For the more dollar-conscious customers he can show them his office building, which includes a customized office area and traditional garage and show areas.

He promotes all phases of his business through conventional advertising within his 1-½ hour driving range, and at local home shows and car shows.

Sweinhart said that many customers who do inquire about residences come to him with a general knowledge about post frame and with an idea of what they want, but they also come with a common misconception. “Some people, when it comes to residential [post frame], they think they’re going to do it for practically nothing,” Sweinhart said. “What they don’t realize is that you have the same [expenses] as the conventional home but you’re saving on the cost of a foundation. It takes about one-third the time frame [to build post frame], so there’s a quicker build time and that makes it the most cost effective.”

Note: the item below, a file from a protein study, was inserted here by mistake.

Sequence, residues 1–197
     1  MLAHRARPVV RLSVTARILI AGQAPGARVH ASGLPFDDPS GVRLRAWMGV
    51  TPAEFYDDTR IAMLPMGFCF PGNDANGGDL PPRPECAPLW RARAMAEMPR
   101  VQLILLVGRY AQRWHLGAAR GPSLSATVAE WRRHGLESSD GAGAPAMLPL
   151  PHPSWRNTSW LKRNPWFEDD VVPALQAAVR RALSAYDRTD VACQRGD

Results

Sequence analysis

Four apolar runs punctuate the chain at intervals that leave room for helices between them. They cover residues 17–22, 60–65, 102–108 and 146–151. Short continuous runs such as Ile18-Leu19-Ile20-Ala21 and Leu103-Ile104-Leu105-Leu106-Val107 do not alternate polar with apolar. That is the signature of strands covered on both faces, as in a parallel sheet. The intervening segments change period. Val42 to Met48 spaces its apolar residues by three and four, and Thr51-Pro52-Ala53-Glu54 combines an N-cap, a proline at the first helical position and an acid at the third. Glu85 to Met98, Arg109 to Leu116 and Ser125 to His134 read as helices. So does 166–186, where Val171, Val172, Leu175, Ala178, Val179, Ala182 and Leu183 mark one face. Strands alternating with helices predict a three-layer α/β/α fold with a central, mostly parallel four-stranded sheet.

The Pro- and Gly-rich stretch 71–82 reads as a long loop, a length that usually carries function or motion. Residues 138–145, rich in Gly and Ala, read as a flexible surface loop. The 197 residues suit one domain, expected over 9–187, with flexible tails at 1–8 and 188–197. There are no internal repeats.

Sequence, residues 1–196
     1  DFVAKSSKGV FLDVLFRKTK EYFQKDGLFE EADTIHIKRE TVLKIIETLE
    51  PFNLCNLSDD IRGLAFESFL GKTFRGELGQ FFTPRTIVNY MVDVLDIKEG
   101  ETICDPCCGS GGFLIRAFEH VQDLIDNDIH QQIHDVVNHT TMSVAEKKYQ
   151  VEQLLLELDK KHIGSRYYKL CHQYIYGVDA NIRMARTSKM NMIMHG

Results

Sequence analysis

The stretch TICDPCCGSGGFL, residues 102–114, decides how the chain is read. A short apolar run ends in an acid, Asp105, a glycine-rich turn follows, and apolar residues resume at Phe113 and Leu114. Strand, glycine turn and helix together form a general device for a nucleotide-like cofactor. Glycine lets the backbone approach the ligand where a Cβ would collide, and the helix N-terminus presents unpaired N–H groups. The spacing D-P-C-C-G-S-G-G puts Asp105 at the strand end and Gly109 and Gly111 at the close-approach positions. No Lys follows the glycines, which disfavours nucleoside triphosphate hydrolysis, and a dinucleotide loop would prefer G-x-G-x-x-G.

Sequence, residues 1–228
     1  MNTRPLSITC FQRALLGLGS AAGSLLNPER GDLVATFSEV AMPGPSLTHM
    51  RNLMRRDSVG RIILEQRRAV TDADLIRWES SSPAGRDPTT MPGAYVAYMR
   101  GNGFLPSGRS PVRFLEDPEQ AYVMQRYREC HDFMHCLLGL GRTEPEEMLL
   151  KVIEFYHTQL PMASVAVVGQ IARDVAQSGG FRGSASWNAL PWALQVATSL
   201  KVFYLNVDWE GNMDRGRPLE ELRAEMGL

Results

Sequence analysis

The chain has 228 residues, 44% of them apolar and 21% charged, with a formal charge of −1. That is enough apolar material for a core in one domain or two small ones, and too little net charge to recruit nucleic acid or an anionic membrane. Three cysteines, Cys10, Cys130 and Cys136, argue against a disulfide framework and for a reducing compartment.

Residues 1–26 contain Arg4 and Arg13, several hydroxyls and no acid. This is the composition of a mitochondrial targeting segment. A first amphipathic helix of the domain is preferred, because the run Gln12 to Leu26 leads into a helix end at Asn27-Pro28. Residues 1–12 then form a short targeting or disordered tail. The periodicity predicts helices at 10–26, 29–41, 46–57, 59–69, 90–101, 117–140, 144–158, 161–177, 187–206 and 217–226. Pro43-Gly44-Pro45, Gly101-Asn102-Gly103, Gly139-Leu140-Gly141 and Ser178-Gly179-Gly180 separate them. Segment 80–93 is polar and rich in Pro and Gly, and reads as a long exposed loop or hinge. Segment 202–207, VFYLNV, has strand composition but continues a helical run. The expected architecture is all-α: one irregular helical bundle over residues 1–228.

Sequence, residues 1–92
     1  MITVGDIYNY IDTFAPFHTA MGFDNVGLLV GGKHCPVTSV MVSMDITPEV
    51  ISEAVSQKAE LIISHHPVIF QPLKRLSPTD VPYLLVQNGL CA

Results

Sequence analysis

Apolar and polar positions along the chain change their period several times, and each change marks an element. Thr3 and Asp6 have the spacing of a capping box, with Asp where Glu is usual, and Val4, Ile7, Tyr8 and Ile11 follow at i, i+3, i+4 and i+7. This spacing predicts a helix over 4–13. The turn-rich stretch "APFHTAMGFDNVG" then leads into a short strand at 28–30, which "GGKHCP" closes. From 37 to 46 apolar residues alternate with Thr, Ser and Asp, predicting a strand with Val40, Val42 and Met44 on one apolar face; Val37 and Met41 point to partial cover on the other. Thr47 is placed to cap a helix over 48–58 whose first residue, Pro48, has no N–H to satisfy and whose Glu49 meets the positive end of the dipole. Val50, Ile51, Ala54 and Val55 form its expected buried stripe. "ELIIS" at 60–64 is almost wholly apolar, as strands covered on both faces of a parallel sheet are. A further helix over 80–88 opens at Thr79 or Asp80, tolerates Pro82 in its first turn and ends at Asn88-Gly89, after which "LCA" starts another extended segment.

Another major hurdle post frame faces in the residential market is getting home buyers accustomed to the idea that a basement isn’t necessary. In some areas of the country basements are the exception not the rule, but in other areas, such as Pennsylvania where Sweinhart does business, basements are seen as necessary.

“Around here, people, for whatever reason, they need a basement. With post frame you don’t have a basement. Twenty years ago I traveled with the work I used to do, and in certain areas of the country there are no basements and in other areas they all have basements, so I think it depends on what part of the country you’re in with how people accept it.”